The criminal trial of Dharun Ravi commanded national attention and focus on our controversial hate-crime laws. The issue was whether Ravi spied on his Rutgers roommate, Tyler Clementi, and whether he spied because of prejudice against homosexuals generally and against his gay roommate in particular. Ravi’s conviction last Friday on the most serious charge against him, “bias intimidation,” carries with it a possible sentence of ten years in prison. It was not for homicide. The jury certainly knew that Tyler had jumped to his death from the George Washington Bridge, a few days after 18-year-old Ravi used a web cam to observe his roommate’s tryst with a 28-year-old man in September, 2010.
Legally, however, Tyler’s suicide was irrelevant to the case. The jury should have considered only whether or not Ravi was guilty of a hate-crime: “bias intimidation.” Like 45 states and the federal government that have hate-crime laws to increase the penalties for other crimes, New Jersey has an Ethnic Intimidation Act. Nevada, for example, adds 25 percent to a prison sentence for felonies judged to be hate-crimes, but New Jersey’s hate-crime law tops the list for extra punitiveness. One problem is that hate-crimes, like beauty, are in the eyes of beholders. Did Ravi’s spying constitute “bias intimidation’?
Continue reading Hateless Hate Crime at Rutgers?
A student newspaper at the University of Wisconsin-Madison drew an unusual and alarming advertising request for its online edition. The request to the Badger Herald came a few weeks ago from an agent for Bradley R. Smith, a notorious denier of the Holocaust and founder of the loopy fringe group, Committee for Open Debate on the Holocaust. Unlike ads in the Herald’s paper edition, online ads linger for a month, providing more opportunity for mischief.
Like some other controversies involving the Herald in recent years, this episode began, essentially, as an accident. The process involved in the placing of ads did not fully vet Smith’s advertisement, which announced his mission and provided an Internet link to his group and other materials. The ad remained on line unnoticed for five days before persons at Hillel, the Jewish center, noticed it and urged the Herald to withdraw it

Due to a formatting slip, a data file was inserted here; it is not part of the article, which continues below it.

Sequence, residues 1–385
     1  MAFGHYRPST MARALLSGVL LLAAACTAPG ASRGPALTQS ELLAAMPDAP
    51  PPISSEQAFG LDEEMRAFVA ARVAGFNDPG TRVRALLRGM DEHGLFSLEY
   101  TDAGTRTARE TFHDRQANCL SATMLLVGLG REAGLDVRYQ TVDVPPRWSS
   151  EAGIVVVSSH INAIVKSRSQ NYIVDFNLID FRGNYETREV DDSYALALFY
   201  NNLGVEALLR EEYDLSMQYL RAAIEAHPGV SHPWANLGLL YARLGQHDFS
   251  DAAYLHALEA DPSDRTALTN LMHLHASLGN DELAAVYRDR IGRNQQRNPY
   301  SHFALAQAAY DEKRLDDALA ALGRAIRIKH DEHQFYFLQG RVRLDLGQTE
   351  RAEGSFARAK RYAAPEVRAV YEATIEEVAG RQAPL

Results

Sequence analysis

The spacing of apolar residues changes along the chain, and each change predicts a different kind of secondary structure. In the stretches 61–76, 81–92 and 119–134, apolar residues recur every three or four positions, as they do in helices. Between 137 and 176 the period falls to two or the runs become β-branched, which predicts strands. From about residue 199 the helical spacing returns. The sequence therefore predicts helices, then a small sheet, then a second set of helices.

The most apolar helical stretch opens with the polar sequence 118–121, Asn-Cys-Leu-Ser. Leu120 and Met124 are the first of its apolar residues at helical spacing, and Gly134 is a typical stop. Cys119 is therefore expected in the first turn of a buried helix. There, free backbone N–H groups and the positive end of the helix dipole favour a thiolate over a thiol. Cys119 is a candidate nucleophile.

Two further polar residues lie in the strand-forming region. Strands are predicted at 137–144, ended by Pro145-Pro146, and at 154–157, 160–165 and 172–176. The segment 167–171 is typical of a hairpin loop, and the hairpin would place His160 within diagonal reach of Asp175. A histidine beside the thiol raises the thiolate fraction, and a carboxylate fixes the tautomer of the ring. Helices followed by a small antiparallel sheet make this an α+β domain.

Many Jewish students had already felt aggrieved by the Herald because of another incident a few weeks before Smith’s ad appeared. Anonymous sources had published threatening anti-Semitic remarks in the “Comments” sections that accompanied the paper’s stories of incidents relating to a party at a Jewish fraternity. Alarmed, the Herald expunged these comments, but only after the damage was done.
Made aware of Smith’s ad, the Herald’s board had to decide what to do. The board of nine students votes independently, but the students consider advice given by faculty members who do not have voting power. Advisors (I am one) provide advice in a manner that is designed to preserve the independence of the board. At a meeting the board voted to do two things: keep the ad up, and produce an editorial, written by editor in chief Jason Smathers, making clear that Holocaust denial is a pernicious fraud that lies outside the bounds of rational debate. I supported these decisions as an advisor. The editorial was a sign that the board knew Smith’s ad was different from the usual controversial ads.
Continue reading Hate and Free Speech at Wisconsin
A graduate of Wesleyan sent word that his alma mater now has a “Campus Climate Log” to chronicle “hate incidents and acts of intolerance” and help move “the entire campus towards a hate-free learning environment.” The project, wrapped in conventional diversity rhetoric, is overseen by the Dean of Diversity and Student Engagement as well as the Vice President for Diversity and Strategic Partnerships. The Log can be accessed on on-campus computers, including public ones, but it not available elsewhere. The reports range from the obviously hateful (“kill fags and Jews” scrawled on a bathroom wall) to the banal (suggestive comments from a passing car) and a postmodern graffiti by a student uncomfortable with the belief that a man is a man and a woman is a woman (“f—gender binaries”). To their credit, the Log committeepersons wonder about the point of major publicity for minor stupidities (“Would it cause more incidents by demonstrating how a single act received so much attention?”) Judging by the scarcity of complaints, either students don’t care much or the campus is already pretty much hate-free: the log for this school year shows only seven reports from last fall, and one since January 1.